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Wildflower meadow: establishment

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last updated Feb 6, 2014
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Establishing a new meadow from plugs. Credit: RHS/Tim Sandall.

Wildflower meadows are an alternative to lawns and borders, and can provide a display for many months. Choose from annual meadows that provide a one-off show or perennial meadows that persist from year to year.

What type of wildflower meadow? Back to top

It is important to choose the meadow that will be most successful on the site you have to offer:

  • Perennial meadows thrive best on poor soils because the grasses compete less with the wildflowers. If you have rich soil, it is worth removing the top layer and sowing directly into dug or rotovated sub-soil.
  • Annual meadows, usually of cornfield annuals, need rich soils. These are a good choice where you are converting an existing border.

Choosing seed

Wildflower seed merchants supply mixtures of wildflowers and grasses suitable for various soil types and situations (see links to seed merchants below). Choose one that suits your local conditions. Where possible, obtain seed of British origin. It is advisable not to take plants from the countryside and repeated seed collection would be likely to have a destructive effect on many species over time. In some cases, it also can be illegal.

Links

Boston Seeds
Landlife Wildflowers
Really Wild Flowers

When and where to sow wildflower meadows Back to top

Sow during March and April or in September, depending on soil conditions. On lighter soils, autumn-sown seeds generally germinate and establish quickly, although some will not come up until the following spring. This delay makes it advisable to wait until March or April on heavy soils, as waterlogging may cause the seed and seedlings to rot during winter.

Please note that garden ‘wildflower’ seed mixes and/or plants (which may contain non-natives or be of unknown provenance) should not be sown in the wider countryside or close to environmentally sensitive areas. They should also never be sown without a landowner's permission.

Sowing wildflower meadows Back to top

Ground preparation

  • It is advisable to spray off existing vegetation (unless it is already species-rich) using systemic glyphosate-containing weedkillers. This is especially important where vigorous perennial weeds, such as nettles, docks and dandelions, are present in large numbers.
  • Dig or rotovate the soil, then firm and rake to make a seedbed as for a new lawn.
  • Don't incorporate manure or fertiliser as high fertility encourages excessive vigour in grasses that then crowd out the wildflowers.
  • Allow four to six weeks for the soil to settle and for any weed seeds to germinate. Spray or hoe these off before sowing.
  • On very fertile soils it may be an advantage to remove the top soil but, for anything other than the smallest area, this requires machinery. An alternative approach (on soils other than clays and those with high organic matter) is to put the land down to oil-seed rape (seed is sold in pet food shops) or mustard for a season to reduce fertility, removing the crop at flowering time.

Sowing

  • Even large areas can be sown by hand quite easily.
  • Rates will vary between individual mixes but, as a rough guide, pure wildflower seed should be sown at 1g per sq m (¼oz per 5 sq yd) and wildflower and grass seed mixes at 5g per sq m (¼oz per sq yd). These tiny amounts can be difficult to broadcast evenly so mix the seed with silver sand to make it easier to handle.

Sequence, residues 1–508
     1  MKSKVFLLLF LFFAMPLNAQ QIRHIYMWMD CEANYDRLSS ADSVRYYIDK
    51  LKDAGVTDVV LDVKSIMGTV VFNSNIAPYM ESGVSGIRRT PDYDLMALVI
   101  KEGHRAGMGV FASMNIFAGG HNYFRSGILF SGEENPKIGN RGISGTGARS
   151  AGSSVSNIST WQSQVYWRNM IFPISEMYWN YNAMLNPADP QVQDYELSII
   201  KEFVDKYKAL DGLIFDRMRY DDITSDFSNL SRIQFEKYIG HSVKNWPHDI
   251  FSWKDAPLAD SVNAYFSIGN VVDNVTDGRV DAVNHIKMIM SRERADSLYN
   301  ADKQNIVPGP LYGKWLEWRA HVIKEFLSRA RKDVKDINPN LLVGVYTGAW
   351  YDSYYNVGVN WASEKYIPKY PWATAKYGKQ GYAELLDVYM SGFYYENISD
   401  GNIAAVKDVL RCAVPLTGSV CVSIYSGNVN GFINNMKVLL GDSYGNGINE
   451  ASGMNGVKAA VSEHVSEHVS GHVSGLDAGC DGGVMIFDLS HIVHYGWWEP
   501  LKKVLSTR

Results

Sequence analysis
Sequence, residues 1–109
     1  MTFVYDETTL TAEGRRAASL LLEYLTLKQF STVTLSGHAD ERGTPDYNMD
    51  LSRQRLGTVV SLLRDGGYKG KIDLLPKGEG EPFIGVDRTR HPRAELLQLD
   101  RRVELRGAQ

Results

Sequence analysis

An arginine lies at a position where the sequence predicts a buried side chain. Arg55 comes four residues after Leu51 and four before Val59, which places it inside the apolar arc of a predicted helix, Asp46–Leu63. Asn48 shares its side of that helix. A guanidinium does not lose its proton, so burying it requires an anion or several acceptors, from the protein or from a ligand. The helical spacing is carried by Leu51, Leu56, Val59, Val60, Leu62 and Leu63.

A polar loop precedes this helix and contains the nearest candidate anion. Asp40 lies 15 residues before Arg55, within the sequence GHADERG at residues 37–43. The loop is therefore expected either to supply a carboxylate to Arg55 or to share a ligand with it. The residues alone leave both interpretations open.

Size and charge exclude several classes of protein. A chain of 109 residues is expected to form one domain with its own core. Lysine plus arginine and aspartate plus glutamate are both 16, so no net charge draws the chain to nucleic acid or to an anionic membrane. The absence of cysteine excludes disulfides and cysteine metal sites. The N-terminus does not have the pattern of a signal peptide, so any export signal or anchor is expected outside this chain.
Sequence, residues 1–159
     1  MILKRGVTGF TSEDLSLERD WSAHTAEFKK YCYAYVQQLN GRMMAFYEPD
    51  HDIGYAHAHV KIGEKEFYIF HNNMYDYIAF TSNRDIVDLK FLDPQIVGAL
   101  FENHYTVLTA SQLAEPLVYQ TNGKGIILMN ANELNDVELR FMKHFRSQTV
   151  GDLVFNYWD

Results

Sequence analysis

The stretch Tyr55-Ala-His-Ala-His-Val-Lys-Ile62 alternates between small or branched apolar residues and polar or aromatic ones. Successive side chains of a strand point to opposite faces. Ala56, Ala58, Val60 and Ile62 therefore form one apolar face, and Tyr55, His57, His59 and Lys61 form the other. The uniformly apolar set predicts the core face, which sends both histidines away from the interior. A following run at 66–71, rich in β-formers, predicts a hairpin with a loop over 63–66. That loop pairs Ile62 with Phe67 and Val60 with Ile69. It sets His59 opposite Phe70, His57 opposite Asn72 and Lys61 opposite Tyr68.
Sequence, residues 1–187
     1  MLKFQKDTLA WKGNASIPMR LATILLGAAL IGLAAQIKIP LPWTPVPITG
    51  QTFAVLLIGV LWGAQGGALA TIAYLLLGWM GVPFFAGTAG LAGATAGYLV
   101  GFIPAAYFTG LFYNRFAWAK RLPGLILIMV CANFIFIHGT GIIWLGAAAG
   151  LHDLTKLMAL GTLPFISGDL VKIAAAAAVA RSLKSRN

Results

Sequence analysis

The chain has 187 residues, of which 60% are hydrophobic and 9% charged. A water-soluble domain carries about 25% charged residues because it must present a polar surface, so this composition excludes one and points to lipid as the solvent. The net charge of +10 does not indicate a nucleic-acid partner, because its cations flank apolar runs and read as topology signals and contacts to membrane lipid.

• To further ensure that the seed is scattered evenly, sow half lengthways and the remaining half widthways.
  • Rake in lightly, water thoroughly and leave them to grow naturally. However, be prepared to protect the seed with netting if birds prove to be a problem.

Cornfield annuals

Where soil fertility is too high to allow perennial wildflowers to flourish, consider sowing a cornfield annual mix that includes plants such as cornflower, corn poppy, corn marigold and corncockle. Some barley and wheat seed will add an authentic touch.

  • Sowing should be done on bare soil, free of perennial weeds.
  • Autumn sowings generally favour poppies, while spring sowings favour corncockle.
  • Many plants will flower within three months of sowing.
  • Leave the plants to self seed, clear them away in spring and rake over the ground to remove weeds and encourage seed to germinate.
  • Additional sowings may be required in the first few years until the wildflower seed bank increases in the soil.

Converting a lawn to a meadow Back to top

Lawns can be converted into wildflower meadows, but it can take a number of years for the balance between grass and wildflowers to be established.

  • Stop feeding and weedkilling the turf.
  • In the first year, continue mowing weekly to weaken the grass.
  • Some wild species will establish and thrive.
  • Raise others from seed, introducing them as one- to two-year-old pot-grown plants planted into holes in the turf.
  • Many wildflower suppliers offer plug plants that are ideal for planting into an established lawn. For a natural look, plant in small groups of the same plant.

Problems Back to top

Grasses can be very vigorous and may out-compete wild flowers. To reduce the vigour of established grassland, introduce semi-parasitic plants. Suitable plants include Rhinanthus species (rattle), Euphrasia species (eyebright) and Pedicularis palustris and P. sylvatica (lousewort). The most useful is Rhinanthus minor (yellow rattle). In late summer or autumn seed is broadcast onto grass that has been cut short. It is an annual and can be eliminated from grassland in one year if prevented from seeding by cutting.

Quick facts

Suitable for Sunny areas
Timing Mid spring or early autumn
Difficulty Easy to moderate
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